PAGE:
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Deadly genes from the human influenza virus which caused the 1918 pandemic have been resurrected by scientists in an attempt to understand what made the strain so virulent.
The "Spanish flu" - which may have killed as many as 50 million people in the great pandemic - owed its deadliness largely to one of its surface proteins, say the researchers.
They have tested reconstructed viruses equipped with the protein and warn that it might one day return. If it does, anyone born after 1918 will have virtually no immunity.
Yoshihiro Kawaoka of the University of Wisconsin in Madison, US, and colleagues have reconstructed five of the eight genes of the 1918 virus, from fragments in victims buried in permafrost, and from clinical samples.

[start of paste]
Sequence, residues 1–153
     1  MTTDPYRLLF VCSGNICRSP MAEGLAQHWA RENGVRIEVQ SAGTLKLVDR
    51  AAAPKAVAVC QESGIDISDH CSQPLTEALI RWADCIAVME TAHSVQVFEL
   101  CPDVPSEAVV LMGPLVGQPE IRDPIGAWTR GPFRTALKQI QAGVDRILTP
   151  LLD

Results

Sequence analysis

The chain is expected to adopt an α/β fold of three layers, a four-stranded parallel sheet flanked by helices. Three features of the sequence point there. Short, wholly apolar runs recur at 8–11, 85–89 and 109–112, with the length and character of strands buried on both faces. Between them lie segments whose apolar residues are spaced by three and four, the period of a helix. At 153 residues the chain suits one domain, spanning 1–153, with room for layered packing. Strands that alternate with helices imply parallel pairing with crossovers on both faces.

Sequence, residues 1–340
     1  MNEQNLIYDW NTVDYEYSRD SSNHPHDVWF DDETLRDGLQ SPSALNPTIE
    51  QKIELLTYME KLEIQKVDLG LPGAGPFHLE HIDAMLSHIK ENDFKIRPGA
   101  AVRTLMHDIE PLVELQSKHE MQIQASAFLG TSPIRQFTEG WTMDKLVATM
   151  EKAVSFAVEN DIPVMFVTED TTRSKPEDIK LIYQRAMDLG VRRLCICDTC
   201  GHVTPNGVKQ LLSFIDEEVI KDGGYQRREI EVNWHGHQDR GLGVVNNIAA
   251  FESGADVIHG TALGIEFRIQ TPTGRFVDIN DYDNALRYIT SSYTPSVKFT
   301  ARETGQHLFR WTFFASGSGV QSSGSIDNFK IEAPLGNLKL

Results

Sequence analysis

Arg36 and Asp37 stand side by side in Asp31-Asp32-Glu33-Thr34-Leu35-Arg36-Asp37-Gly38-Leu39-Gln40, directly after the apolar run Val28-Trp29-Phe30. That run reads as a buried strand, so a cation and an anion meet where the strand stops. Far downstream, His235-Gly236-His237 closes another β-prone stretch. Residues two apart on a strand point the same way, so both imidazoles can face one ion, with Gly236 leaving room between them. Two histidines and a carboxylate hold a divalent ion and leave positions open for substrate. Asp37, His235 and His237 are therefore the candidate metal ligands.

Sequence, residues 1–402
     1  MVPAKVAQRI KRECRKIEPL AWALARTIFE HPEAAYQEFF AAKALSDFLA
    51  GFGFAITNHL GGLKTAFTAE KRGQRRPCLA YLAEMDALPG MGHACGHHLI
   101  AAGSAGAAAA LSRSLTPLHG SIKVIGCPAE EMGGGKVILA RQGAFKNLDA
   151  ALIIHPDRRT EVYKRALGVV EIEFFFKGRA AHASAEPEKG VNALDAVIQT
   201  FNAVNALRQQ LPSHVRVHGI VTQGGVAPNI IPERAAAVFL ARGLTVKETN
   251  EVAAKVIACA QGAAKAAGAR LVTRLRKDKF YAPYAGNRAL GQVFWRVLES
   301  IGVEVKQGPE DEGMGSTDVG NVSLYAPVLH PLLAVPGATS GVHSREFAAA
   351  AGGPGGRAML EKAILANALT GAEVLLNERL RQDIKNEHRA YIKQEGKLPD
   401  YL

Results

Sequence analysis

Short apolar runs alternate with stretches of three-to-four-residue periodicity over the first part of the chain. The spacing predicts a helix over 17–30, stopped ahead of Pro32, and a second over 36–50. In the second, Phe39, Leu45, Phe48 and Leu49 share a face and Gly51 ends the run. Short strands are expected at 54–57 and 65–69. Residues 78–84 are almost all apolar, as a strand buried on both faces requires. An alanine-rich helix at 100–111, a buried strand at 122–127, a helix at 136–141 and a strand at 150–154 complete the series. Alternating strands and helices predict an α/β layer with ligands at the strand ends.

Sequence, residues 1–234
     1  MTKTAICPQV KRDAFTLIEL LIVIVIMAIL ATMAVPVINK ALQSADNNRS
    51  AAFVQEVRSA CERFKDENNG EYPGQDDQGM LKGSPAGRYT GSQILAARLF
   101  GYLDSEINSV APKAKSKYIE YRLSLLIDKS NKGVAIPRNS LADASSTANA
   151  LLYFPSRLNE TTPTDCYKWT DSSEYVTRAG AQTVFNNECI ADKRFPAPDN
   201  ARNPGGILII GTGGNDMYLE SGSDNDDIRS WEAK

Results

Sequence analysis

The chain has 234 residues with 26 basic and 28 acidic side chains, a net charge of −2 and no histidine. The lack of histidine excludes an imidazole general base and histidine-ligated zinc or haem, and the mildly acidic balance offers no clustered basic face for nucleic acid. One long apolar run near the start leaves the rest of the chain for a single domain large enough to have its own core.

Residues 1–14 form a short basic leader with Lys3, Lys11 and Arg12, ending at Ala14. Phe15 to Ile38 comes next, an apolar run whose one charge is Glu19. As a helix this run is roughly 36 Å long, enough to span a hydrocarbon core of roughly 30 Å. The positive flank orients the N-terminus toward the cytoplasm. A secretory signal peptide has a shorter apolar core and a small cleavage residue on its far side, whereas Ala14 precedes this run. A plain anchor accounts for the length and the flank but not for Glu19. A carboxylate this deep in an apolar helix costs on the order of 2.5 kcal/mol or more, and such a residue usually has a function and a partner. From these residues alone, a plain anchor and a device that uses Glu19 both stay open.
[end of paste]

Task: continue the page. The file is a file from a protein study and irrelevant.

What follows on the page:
They reconstructed the two surface proteins - haemagglutinin (H) and neuraminidase (N) - from the 1918 flu strain, and substituted them for the H and N of current flu strains from mice and humans.
The 1918 H even made a virus that normally kills mice even more lethal. In every case, the 1918 hybrid replicated more, invaded the deeper tissues of the mouse lungs, and caused nastier lesions.
Originally posted by son of total newbie
reply to post by pterra
Ha ha ha ha. You're not in on it are you. Let me explain it to you. Wait, there is a knock on the door. I feel something tightening around my neck. Aiyee!
Good bye cruel world.